21 February 2011

Arbuckle Rogers -- Steampunk Flying Ace

My house getting torn apart to make it more hypo-allergenic.  At the end of this, I'll supposedly have a happier, healthier me to share with you and 80-90% less Lego Head to worry about.  Unfortunately, this has also put some of my leather-sculpting plans on hold. 

In the meantime, let us digress somewhat into the realm of science fiction for a leather working project of a wholly different sort...

One of the iconic pieces of hardware in the science fiction arsenal is the jetpack. So much so that it has become an item worthy of simultaneous homage and lampoon.  Every kid wants one, every futurist, science fiction author and movie director is simultaneously frustrated and bemused by the insistence that the future just isn't the future unless it includes rocket belts.

I'm as guilty as the next for reminiscing fondly of the days of yesteryear when commuting by jet pack was always just around the corner.  I featured them in my humor-laden paean for golden-age sci fi Howard Carter Saves the World (click to read it free online).

All of which handily ignores the that you can now buy a "jet pack" from these guys for roughly the price of a decent sports car.We'll bow to the zeitgeist and keep pretending that the future is still just out of reach.

Enter the Steampunks. Not content with reenacting actual Victorian history, we've made it something of a mission to imagine the greats of modern science fiction as if they'd been written by Jules Verne instead of George Lucas. I did this with my "Arbuckle Rogers" costume, which brings us back to jetpacks and leather working.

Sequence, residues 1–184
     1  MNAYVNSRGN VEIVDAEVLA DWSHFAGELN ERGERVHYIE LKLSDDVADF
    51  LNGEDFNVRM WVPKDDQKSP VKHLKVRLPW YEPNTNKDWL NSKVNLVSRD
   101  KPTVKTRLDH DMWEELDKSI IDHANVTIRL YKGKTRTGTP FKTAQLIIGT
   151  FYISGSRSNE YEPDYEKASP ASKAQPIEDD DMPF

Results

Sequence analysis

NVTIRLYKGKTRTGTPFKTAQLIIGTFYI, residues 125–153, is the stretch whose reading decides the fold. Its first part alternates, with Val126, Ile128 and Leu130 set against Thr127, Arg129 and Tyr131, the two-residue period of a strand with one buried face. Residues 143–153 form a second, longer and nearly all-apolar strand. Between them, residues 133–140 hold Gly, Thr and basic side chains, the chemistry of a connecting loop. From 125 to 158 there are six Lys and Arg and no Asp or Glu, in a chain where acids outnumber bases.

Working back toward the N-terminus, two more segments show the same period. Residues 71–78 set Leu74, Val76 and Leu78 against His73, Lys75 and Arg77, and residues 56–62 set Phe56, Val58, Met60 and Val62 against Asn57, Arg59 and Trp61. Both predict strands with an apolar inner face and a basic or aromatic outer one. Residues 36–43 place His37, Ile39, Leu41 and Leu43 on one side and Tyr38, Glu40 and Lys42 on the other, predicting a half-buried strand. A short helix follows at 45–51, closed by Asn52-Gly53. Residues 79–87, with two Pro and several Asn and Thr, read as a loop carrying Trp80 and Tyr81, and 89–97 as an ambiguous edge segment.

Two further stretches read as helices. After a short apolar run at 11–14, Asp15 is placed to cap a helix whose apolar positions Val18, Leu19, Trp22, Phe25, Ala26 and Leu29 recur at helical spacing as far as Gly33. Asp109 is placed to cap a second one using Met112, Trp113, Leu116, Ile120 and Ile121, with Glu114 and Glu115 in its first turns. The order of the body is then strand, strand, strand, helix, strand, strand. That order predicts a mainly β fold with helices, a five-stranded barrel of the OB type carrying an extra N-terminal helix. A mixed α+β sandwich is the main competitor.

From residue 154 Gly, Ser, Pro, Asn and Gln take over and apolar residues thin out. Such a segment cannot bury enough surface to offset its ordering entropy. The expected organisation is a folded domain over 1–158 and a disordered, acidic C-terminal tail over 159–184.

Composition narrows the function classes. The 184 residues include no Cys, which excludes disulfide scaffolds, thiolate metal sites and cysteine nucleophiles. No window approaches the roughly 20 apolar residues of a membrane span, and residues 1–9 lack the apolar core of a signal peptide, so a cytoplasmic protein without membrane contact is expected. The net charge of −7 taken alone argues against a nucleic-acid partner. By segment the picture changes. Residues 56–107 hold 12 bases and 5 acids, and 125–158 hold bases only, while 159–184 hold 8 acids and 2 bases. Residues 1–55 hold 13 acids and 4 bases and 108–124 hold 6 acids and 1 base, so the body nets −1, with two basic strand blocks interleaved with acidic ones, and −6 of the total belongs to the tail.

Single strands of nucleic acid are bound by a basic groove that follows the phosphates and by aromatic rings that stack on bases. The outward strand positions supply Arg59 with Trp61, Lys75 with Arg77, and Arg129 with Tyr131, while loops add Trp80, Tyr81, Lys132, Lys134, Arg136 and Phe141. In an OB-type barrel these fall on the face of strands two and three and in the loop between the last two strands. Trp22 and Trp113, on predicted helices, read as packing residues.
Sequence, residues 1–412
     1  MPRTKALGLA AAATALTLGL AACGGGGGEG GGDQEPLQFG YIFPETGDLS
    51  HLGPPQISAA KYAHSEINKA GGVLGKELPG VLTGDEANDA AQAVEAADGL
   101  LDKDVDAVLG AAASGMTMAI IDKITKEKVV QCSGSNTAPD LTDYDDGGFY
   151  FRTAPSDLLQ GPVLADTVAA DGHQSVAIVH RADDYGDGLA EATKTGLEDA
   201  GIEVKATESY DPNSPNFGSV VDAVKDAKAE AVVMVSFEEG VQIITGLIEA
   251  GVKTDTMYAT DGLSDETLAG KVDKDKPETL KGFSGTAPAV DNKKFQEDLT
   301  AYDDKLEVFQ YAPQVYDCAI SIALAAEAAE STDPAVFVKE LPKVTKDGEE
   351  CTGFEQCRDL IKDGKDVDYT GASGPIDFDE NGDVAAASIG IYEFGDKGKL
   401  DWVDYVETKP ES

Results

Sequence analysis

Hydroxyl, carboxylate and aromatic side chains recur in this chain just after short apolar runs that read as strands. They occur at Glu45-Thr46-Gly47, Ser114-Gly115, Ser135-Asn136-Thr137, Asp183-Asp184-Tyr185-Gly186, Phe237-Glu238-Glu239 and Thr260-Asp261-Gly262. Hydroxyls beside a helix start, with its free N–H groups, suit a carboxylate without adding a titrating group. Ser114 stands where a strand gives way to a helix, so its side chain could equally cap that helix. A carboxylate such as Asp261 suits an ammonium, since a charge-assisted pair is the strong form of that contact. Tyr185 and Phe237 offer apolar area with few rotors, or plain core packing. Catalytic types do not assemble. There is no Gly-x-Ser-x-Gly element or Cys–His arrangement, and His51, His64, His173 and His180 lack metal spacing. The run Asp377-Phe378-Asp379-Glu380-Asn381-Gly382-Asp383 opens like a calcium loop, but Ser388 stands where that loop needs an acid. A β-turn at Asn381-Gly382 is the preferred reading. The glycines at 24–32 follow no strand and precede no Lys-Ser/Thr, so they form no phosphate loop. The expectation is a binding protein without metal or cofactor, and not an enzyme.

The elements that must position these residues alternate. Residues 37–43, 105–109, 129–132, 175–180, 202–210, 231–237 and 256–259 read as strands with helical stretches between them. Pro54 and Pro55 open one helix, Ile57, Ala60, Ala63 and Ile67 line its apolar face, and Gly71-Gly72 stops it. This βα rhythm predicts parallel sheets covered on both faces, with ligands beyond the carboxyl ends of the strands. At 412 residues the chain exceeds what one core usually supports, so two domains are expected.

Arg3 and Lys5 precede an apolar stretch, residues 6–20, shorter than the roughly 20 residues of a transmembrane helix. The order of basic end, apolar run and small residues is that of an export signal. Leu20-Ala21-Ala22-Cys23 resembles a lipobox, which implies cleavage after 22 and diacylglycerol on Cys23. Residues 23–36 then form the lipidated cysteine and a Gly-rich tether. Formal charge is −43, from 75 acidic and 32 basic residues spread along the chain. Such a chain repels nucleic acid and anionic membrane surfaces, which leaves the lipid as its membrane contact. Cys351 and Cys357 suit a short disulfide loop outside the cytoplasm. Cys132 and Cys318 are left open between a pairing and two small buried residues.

Since WWI comes right on the heels of the Victorian era, as you might imagine, there's quite a bit of bleed-over into steampunk. This is in part owing to the fact that Steampunk relies heavily on the conceit of the "Airship Pirate" which itself often means the application of 1920's level lighter-than-air rigid airship technologies.

And since the Victorians didn't have a fully-developed aviation tradition of their own to speak of (well, they did, but it didn't come with snappy uniforms) and in the adoption of the so-called "Punk" aspects of this, a certain raffish WWI Flying Ace demeanor has come about.  That's where the leather biggin caps and goggles come from, mostly.

And indeed, my chief dissatisfaction with the Arbuckle Rogers costume is that I didn't -- at the time at least -- have a decent leather jacket appropriate for the milieu.  But the other day, I was wandering the aisles of a thrift store when I discovered the perfect jacket to rectify that problem.

It was decent leather, a little weathered and minus the liner, so it came to only $15.00

 A lot of people do the steampunk jetpack schtick.  I plan to do it differently.  Because I said to myself: If you really had flights of jetpacked soldiery winging their way across the skies, how would you tell your guys from the other guys?  With planes it's a bit easier because since they're coming from different engineers and different factories and design traditions, etcetera, you can spot them from afar and know a Fokker from a Sopwith.

That would be a bit harder with people.  Which brings us to the painting.  Even though both the Germans and the Royal Air Force allowed their pilots a lot of latitude on decorating their kites during the early days of flight, they quickly devised a system of painting and numbering to keep track of them and to tell quickly and easily from the ground who was who.  (At least theoretically)

I posit that this would be even more necessary with flights of jetpacked humans.  So I'm devising a paint scheme for my jacket that is inspired by RAF paint schemes used at the dawn of aviation.  Why?  Because as far as I can tell, no one else has yet done so.

I have some remodeling work to do.  I apologize for the delay in the leather sculpting demo.  And I'll be back soon to discuss paints and designs.


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